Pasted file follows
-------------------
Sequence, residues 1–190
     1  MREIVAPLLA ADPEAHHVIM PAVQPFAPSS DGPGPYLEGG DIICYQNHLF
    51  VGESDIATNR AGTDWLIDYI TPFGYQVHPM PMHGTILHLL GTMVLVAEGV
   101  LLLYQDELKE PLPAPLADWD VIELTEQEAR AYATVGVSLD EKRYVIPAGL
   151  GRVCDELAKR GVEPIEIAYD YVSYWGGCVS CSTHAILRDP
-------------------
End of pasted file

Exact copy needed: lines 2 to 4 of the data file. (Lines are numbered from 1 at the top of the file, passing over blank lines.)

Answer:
     1  MREIVAPLLA ADPEAHHVIM PAVQPFAPSS DGPGPYLEGG DIICYQNHLF
    51  VGESDIATNR AGTDWLIDYI TPFGYQVHPM PMHGTILHLL GTMVLVAEGV
   101  LLLYQDELKE PLPAPLADWD VIELTEQEAR AYATVGVSLD EKRYVIPAGL